Running: Advice for Student Athletes
Being a runner is hard work. College academics are no synch, either. Being a student-athlete in the NCAA? Pretty darn difficult—and trying to juggle all of the challenges and obligations that come with the two aspects of college life can be daunting.
So how does one become a top NCAA runner, a good student, and still maintain a social life? It’s possible. And here are some tips to help:
Manage Your Time Wisely
Time management is by far the most important tool for thriving as a student-athlete. NCAA runners are in a uniquely tough position, with both competitions and class all year long.
Start using a planner (if you can keep a training log, you can keep a planner). Make sure you begin each day knowing exactly what needs to get done and when it needs to be done by.
Create a Good Routine
Establish a routine where the “extra” stuff is cut out or rearranged:
- Don’t check your email 45 times a day.
- Talk on the phone on the way to class instead of when you should be studying.
- Try not to go to Facebook until after the bulk of your work is done (unless, of course, it’s your homepage, in which case, you may be too far gone).
- Don’t watch the entire DVD box set of your favorite show the night before a physics final, just because the season premiere is on the next day.
Creating a schedule and sticking to certain guidelines will not only create an environment of efficiency, it will also open up those crucial few moments of free time where you can just be normal. Use that time to watch a TV show with friends, or to surf the web, or hang out.
Time management does not mean living the life of a nun or monk--it means being disciplined enough to know when to work and when to let loose.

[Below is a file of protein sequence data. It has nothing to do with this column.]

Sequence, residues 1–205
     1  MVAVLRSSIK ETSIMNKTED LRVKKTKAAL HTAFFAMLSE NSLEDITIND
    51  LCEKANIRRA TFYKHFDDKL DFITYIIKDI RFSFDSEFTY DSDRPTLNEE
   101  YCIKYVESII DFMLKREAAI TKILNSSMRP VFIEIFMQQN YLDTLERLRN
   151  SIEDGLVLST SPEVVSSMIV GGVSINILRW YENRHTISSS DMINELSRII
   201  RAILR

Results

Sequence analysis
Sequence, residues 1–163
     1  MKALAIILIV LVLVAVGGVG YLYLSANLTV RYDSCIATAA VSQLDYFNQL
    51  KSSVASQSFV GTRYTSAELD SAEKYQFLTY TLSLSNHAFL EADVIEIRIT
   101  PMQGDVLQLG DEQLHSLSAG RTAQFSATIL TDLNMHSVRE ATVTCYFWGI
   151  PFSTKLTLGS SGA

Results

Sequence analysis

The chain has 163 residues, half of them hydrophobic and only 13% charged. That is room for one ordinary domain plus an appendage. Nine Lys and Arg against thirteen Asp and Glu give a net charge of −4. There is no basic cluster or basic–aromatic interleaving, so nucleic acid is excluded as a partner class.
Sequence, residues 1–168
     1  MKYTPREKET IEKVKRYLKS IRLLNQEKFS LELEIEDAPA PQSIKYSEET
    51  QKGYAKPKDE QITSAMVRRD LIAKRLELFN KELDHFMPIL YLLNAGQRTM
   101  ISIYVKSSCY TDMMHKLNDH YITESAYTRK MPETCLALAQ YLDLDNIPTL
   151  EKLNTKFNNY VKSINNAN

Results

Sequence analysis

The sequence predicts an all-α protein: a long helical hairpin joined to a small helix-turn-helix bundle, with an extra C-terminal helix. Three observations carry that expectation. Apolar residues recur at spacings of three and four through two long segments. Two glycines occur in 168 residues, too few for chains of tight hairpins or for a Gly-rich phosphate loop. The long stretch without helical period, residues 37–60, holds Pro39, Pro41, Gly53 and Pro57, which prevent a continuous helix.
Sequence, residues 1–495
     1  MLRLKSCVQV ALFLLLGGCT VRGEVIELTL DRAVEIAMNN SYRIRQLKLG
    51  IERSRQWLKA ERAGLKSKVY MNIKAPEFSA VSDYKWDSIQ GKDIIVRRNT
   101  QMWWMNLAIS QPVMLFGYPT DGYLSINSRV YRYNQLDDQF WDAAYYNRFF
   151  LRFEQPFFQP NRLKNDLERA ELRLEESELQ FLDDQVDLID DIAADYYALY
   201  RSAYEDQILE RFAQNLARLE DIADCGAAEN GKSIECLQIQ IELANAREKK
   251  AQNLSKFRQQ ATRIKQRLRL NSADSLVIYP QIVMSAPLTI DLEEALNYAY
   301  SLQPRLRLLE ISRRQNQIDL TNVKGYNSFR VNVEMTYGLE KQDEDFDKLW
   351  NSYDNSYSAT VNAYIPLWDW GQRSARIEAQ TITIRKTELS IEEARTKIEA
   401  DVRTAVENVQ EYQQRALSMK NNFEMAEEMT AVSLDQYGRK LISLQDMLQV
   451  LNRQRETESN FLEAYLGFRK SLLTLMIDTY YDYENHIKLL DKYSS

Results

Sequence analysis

Suzy Favor Hamilton
While a student at the University of Wisconsin, Suzy Favor Hamilton won a record nine NCAA titles and 14 All-America awards. She set Big 10, NCAA, and National records, all while earning a degree at one of the most acclaimed public universities in the country.
When asked what the highlight of her NCAA career was, Suzy answered, “I learned so many lessons. One of the greatest lessons I learned was working and getting along with different people, and how important it was to have a great work ethic. I would have to say that time management is the most important aspect to balancing life as a student-athlete.”
It’s up to you to maintain open lines of communication with your professors, coaches, friends and teammates. Never assume that people know what is going on in your life, and learn to address things directly and with an open mind.
Communicate with everyone.
At the beginning of each semester, stay after class or go to office hours and talk to the professor about which meets will conflict with class. Ask about their attendance policy, tell them the unavoidable absences you may have that semester, and assure them that you will talk with classmates to get notes from any missed lectures. Many professors assume the worst about student athletes, so it is up to you to prove them wrong.
Make sure a coach knows if you are feeling under the weather, if you pulled an all-nighter, or have something going on in your life outside of running that may be affecting your performance or attitude.